There are no rules for how long a person should grieve. It’s different for everyone and influenced by several factors, including the ability to adapt to change and how much change is happening in other parts of that person’s life. The specific circumstances surrounding the death also affect the time needed for grief to fade. For example, grief that follows a traumatic or violent death can be particularly difficult.
A general conclusion about how long grief “should” last is anywhere from six months to four years.5,6 It’s still regular grief as long as the symptoms aren’t becoming more severe or strange, such as talking about the loved one as if they’re still alive. One study shows that feelings of intense grief and mourning peak between four and six months, and decline over the next two years.7
Can Prolonged Grief Cause a Loss of Identity?
Prolonged grief is usually related to the loss of a significant person. In conjunction with this loss is the loss of that relationship. For example, in the death of a spouse/partner, your identity as a wife, husband, or partner is lost as well. That can be an important and large aspect of how you view yourself. Grief experts note that the severity of someone’s PGD symptoms is linked to the extent to which the loss was considered to be part of someone’s identity.8
How to Cope With Prolonged Grief
Coping with prolonged grief takes effort and some degree of hope that you will feel relief in time. Since grief occurs in emotional “waves,” you will probably have periods of time when the grief is less intense, and other times when it feels overwhelming. There are various ways to cope with grief; some will work better than others for each individual.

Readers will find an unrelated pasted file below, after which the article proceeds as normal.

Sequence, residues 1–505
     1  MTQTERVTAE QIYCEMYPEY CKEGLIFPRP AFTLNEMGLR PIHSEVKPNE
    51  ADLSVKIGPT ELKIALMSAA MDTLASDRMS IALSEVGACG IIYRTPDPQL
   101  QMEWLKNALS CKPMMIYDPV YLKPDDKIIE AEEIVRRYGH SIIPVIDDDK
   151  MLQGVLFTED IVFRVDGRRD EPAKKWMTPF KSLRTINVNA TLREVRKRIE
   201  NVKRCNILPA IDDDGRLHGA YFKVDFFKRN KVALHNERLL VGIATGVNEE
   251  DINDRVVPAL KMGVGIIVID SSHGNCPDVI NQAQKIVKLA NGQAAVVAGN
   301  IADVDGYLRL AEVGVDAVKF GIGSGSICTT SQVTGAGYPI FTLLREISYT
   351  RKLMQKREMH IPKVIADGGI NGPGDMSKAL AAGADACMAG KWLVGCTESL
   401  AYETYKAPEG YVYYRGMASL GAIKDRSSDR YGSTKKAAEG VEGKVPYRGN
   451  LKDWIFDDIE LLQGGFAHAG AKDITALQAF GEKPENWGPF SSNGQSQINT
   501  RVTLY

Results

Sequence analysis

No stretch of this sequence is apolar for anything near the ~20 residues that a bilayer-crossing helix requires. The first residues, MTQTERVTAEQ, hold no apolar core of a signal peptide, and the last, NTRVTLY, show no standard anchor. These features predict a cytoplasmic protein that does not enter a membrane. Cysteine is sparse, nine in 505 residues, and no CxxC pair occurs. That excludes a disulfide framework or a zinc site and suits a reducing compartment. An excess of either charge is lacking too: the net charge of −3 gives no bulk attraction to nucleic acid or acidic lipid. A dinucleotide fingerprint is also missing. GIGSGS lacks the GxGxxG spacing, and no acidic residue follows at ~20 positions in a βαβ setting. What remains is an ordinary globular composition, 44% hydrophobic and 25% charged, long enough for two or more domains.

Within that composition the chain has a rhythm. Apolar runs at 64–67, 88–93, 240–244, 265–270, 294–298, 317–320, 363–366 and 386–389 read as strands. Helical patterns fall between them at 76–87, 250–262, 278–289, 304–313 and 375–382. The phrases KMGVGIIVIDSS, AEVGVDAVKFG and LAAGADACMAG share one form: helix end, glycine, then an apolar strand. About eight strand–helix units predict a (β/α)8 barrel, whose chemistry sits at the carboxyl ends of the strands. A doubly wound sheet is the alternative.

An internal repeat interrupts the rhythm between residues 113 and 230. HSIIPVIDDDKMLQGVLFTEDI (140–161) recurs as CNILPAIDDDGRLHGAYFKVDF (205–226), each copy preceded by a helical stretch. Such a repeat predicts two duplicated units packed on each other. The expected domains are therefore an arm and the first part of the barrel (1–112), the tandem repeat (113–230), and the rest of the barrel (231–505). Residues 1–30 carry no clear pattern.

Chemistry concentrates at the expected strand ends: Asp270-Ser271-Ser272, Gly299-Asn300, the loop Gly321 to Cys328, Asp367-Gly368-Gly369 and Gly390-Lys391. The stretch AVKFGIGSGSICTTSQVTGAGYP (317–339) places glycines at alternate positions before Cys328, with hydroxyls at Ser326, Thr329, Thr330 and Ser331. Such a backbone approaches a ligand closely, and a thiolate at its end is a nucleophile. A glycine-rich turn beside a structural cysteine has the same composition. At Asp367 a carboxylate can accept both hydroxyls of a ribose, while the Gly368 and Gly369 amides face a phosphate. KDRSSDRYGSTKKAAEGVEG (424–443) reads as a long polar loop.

Ways to cope with prolonged grief include:9
- Identify supportive people in your life and stay involved with them: this will help you manage the sense of loneliness or isolation that can follow the loss of a loved one
- Set clear boundaries for yourself: this includes acceptance that you may not feel up to all of your usual commitments, whether in work or social life. It is important to be kind to yourself and make your own emotional well-being a priority when coping with prolonged grief.
- Consider pursuing a new hobby or interest: it might be difficult to maintain the activities you once enjoyed with the company of your loved one. It can be helpful to start a new hobby or activity for your enjoyment, whether it’s done as an individual or as part of a group.
- Be mindful of any wishful thinking about the deceased: it is natural to miss a loved one, but it isn’t helpful to dwell on what it might be like if they were still with you
- Honor the deceased at particular times of the year, such as the anniversary of their birth or death: establishing grief rituals can be a way to keep them in your memories at especially important times like death anniversaries while moving on with your life more generally
- Accept your loss and the natural sadness that follows: give yourself safe times and places to grieve deeply. Letting yourself have these feelings will eventually allow them to lift and become less heavy.
- Sort through their belongings and donate whatever you don’t need: by donating items such as clothing, books, or sporting equipment, you will be able to benefit others and facilitate your own process of letting go